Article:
Interests in international wildlife conservation, science, and art has led me to the Smithsonian Institution in Washington, DC. Of all that DC has to offer, particularly appealing is the Smithsonian's National Zoological Park, where I have had the privilege to work with good-hearted and visionary people for many years. This program has appropriately evolved into the new Smithsonian Conservation Biology Institute.
Under a joint agreement with the Smithsonian, I am a recipient of a Ph.D. fellowship at the Environmental Science and Public Policy program of George Mason University. My research is based in Laikipia, Kenya where I am studying trophic-level (vegetation, herbivores, and carnivores) response to a degraded landscape that is transitioning from intense cattle ranching and livestock grazing toward conservancy. Laikipia is a fascinating area for studying conservation with no current national protection (there is a proposed national park in the works); all efforts are driven by people and organizations within Laikipia.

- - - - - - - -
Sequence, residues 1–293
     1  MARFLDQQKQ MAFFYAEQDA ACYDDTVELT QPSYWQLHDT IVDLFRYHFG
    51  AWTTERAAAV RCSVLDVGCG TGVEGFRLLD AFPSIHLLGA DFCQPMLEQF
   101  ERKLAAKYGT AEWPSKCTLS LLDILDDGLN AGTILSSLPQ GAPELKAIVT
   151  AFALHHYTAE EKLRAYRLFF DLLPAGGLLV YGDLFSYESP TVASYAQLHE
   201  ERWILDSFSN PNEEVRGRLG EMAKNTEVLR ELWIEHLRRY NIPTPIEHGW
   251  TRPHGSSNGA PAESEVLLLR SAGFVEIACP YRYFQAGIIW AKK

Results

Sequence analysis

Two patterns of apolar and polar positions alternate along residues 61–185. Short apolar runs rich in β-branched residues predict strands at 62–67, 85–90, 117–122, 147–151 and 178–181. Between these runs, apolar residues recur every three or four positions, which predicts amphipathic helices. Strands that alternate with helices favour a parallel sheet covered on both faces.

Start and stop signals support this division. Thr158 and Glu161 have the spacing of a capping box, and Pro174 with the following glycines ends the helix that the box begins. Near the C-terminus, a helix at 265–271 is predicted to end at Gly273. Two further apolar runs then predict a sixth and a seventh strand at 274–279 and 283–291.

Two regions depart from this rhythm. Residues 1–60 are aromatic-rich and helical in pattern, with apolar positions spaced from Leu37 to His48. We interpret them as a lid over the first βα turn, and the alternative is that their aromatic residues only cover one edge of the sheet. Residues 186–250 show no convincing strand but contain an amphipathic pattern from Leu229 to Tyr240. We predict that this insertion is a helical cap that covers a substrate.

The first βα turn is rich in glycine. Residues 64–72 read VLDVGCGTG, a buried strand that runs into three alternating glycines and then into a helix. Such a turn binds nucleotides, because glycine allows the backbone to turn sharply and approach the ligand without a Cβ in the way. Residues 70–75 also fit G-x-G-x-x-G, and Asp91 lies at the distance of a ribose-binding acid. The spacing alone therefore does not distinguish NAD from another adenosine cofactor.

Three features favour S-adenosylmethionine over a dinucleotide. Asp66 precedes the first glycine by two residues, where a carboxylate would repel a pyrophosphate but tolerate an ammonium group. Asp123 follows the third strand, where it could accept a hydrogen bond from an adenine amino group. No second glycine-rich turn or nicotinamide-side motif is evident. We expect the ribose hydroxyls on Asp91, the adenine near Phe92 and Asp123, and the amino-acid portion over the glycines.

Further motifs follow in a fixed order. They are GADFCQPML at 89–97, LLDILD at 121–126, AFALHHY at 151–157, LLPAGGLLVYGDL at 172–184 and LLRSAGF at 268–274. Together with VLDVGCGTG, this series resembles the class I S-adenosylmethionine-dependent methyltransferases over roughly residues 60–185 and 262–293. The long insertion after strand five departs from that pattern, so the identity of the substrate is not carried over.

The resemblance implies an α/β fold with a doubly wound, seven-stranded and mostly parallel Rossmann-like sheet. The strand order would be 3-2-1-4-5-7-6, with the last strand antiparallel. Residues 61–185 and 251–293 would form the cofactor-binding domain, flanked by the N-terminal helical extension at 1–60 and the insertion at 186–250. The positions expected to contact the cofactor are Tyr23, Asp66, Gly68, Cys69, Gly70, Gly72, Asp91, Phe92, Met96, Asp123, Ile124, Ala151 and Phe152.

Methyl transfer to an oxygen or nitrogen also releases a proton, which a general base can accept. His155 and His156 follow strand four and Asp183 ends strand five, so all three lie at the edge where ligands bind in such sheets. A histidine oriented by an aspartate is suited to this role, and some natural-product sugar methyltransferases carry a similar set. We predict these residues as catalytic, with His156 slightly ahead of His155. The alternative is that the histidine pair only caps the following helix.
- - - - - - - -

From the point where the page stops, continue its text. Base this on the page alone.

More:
Aside from professional activities, DC is one of the more stimulating cities to live in with having such great access to cool urban living and nearby outdoors. One way to appreciate DC's natural wonders is through a hobby that many share, nature photography - enjoy this great website: DCNature.com.
I enjoy staying active and surrounding myself with people wiser and smarter than I am (that's a lot of people). I also appreciate being able to helping others achieve those things that are important to them in their lives. Everyone needs a helping hand from time to time. I'm humbled by knowing what others have done for me - and are still doing every day to help me stay on track and pursue my goals and ambitions. We should pass the torch whenever possible and remind ourselves others helped us get where we are today.
I have completed my field research in Kenya and can now focus on data analysis and dissertation writing. Never did I think it would be possible for me to study wildlife in Africa. By DC standards, such exotic travel is quite common, but where I come from, it's a childhood dream rarely attainable. You mostly watch it on TV and wonder what it's like being that other person. DC has the largest concentration of research scientists in the world, not to mention being a global hotspot for environmental organizations.